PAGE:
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Are within-subjects designs transparent?

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  • Charles Lambdin
  • Victoria A. Shaffer

Abstract

Researchers frequently argue that within-subjects designs should be avoided because they result in research hypotheses that are transparent to the subjects in the study. This conjecture was empirically tested by replicating several classic between-subjects experiments as within-subjects designs. In two additional experiments, psychology students were given the within-subjects versions of these studies and asked to guess what the researcher was hoping to find (i.e. the research hypothesis), and members of the Society for Judgment and Decision Making (SJDM) were asked to predict how well students would perform this task. On the whole, students were unable to identify the research hypothesis when provided with the within-subjects version of the experiments. Furthermore, SJDM members were largely inaccurate in their predictions of the transparency of a within-subjects design.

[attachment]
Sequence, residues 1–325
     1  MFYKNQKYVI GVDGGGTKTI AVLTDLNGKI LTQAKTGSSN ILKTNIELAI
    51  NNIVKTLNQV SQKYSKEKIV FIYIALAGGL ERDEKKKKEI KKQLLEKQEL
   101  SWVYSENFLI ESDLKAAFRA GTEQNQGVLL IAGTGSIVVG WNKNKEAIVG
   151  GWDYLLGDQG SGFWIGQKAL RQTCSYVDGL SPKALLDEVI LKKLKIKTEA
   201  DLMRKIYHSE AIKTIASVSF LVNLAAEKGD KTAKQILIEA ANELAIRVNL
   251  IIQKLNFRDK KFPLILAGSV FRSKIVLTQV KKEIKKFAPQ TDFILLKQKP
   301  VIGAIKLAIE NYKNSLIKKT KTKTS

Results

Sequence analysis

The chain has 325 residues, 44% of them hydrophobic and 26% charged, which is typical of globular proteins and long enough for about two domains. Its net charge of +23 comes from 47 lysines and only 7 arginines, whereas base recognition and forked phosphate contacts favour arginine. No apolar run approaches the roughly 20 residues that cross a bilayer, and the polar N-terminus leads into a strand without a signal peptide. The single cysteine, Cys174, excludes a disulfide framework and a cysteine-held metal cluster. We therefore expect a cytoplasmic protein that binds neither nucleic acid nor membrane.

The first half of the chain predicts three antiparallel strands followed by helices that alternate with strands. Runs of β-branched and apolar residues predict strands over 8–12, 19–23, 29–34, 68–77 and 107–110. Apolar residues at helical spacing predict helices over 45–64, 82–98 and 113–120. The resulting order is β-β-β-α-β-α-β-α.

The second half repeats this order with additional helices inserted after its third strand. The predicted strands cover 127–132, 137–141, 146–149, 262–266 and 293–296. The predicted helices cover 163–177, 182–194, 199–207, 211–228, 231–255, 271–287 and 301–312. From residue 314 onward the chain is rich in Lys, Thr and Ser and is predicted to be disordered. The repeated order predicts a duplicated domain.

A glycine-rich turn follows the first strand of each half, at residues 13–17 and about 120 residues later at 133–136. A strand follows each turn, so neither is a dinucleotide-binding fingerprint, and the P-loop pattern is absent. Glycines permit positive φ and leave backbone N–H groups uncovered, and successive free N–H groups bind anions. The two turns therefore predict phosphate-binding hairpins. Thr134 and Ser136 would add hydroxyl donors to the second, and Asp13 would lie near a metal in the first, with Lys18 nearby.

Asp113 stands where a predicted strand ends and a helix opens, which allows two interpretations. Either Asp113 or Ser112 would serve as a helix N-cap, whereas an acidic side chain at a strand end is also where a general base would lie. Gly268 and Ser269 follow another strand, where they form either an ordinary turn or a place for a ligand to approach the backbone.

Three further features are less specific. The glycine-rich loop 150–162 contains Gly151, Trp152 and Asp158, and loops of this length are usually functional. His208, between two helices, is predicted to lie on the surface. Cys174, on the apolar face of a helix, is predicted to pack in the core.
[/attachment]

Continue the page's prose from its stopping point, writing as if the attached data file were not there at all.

Suggested Citation

  • Charles Lambdin & Victoria A. Shaffer, 2009. "Are within-subjects designs transparent?," Judgment and Decision Making, Society for Judgment and Decision Making, vol. 4(7), pages 554-566, December.
  • Handle: RePEc:jdm:journl:v:4:y:2009:i:7:p:554-566
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    Cited by:

    1. Levati, Maria Vittoria & Miettinen, Topi & Rai, Birendra, 2011. "Context and interpretation in laboratory experiments: The case of reciprocity," Journal of Economic Psychology, Elsevier, vol. 32(5), pages 846-856.
    2. Lennart Erixon & Louise Johannesson, 2015. "Is the psychology of high profits detrimental to industrial renewal? Experimental evidence for the theory of transformation pressure," Journal of Evolutionary Economics, Springer, vol. 25(2), pages 475-511, April.

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    Keywords

    methodology; research design.;

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